Open Journal of Nephrology
Vol. 2  No. 4 (2012) , Article ID: 25501 , 4 pages DOI:10.4236/ojneph.2012.24017

Tubulointerstitial Nephritis Complicated with Primary Sjögren’s Syndrome under Treatment for Type 2 Diabetes Mellitus

Shinichi Antoku1*, Hiroyuki Ito1, Mizuo Mifune1, Hiroko Nawata2, Masahiro Kato3

1Department of Diabetes, Metabolism and Kidney Disease, Edogawa Hospital, Tokyo, Japan

2Department of Internal Medicine, Edogawa Hospital, Tokyo, Japan

3Department of Neurology, Edogawa Hospital, Tokyo, Japan

Email: *

Received November 15, 2012; revised December 15, 2012; accepted December 22, 2012

Keywords: Tubulointerstitial Nephritis; Sjögren’s Syndrome; Type 2 Diabetes Mellitus


Tubulointerstitial nephritis complicated by primary Sjögren’s syndrome in a patient under treatment for type 2 diabetes mellitus was diagnosed in the early stage of the disease by renal biopsy. The symptoms of primary Sjögren’s syndrome, such as thirst and polydipsia, were masked by the characteristic symptoms of type 2 diabetes mellitus. An association between sicca symptoms and diabetes mellitus (types 1 and 2) has been previously reported. Hence, it is possible that there are common underlying immunological mechanisms between primary Sjögren’s syndrome and diabetes mellitus of both types. Intervention with steroids in a timely manner appears to have prevented or slowed the progression of renal impairment.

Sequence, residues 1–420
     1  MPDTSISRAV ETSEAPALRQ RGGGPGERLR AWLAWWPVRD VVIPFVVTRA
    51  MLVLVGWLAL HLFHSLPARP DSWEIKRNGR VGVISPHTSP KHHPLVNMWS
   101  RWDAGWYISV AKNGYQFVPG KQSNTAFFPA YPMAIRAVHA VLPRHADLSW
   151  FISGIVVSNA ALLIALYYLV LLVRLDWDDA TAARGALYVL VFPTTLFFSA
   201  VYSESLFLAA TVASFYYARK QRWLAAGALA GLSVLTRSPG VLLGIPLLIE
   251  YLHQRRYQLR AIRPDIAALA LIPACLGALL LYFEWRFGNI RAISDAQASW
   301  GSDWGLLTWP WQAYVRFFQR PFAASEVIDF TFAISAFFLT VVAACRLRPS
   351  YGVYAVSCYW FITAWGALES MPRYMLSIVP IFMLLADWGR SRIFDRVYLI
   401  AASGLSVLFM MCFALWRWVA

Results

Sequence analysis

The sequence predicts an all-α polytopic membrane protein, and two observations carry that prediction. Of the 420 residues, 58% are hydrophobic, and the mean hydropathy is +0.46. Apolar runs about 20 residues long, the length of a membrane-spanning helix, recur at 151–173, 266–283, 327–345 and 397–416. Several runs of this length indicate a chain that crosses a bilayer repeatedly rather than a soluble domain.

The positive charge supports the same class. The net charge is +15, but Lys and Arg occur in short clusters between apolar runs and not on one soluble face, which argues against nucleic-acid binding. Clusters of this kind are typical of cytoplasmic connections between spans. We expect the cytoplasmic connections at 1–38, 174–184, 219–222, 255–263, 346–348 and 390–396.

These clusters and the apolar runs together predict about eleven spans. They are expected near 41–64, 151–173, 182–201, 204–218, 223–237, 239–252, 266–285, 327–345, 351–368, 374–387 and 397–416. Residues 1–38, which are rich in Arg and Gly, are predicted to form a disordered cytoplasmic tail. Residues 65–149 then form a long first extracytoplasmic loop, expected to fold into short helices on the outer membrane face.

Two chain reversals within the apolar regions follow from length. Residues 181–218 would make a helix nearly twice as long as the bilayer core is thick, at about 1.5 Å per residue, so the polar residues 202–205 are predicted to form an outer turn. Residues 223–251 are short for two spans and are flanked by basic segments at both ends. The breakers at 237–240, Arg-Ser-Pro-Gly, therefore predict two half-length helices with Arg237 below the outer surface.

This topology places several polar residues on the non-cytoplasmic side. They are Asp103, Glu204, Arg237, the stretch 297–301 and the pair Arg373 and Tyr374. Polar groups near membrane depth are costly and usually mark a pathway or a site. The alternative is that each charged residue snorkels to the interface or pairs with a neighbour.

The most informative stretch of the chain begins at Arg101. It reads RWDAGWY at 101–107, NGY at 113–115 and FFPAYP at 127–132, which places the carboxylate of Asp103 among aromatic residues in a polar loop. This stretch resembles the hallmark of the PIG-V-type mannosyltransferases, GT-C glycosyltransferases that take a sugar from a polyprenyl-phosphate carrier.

1. Introduction

Sjögren’s syndrome (SjS) is an autoimmune disorder that is predominantly characterized by the lymphocytic infiltration of exocrine glands, leading to keratoconjunctivitis sicca and xerostomia. SjS may present as a primary disorder or as a condition secondary to other autoimmune and chronic inflammatory disorders such as rheumatoid arthritis or systemic lupus erythematosus. SjS can also manifest itself through extraglandular morbidities such as pyrexia, arthritis, lymphadenopathy, and/or nephropathy [1,2]. Here, we report a case of tubulointerstitial nephritis associated with primary SjS in which the symptoms of thirst and polydipsia were masked by the characteristic symptoms of type 2 diabetes mellitus (DM). Decline of renal function was considered to be prevented or slowed by early diagnosis and intervention with glucocorticoid administration.

2. Case Report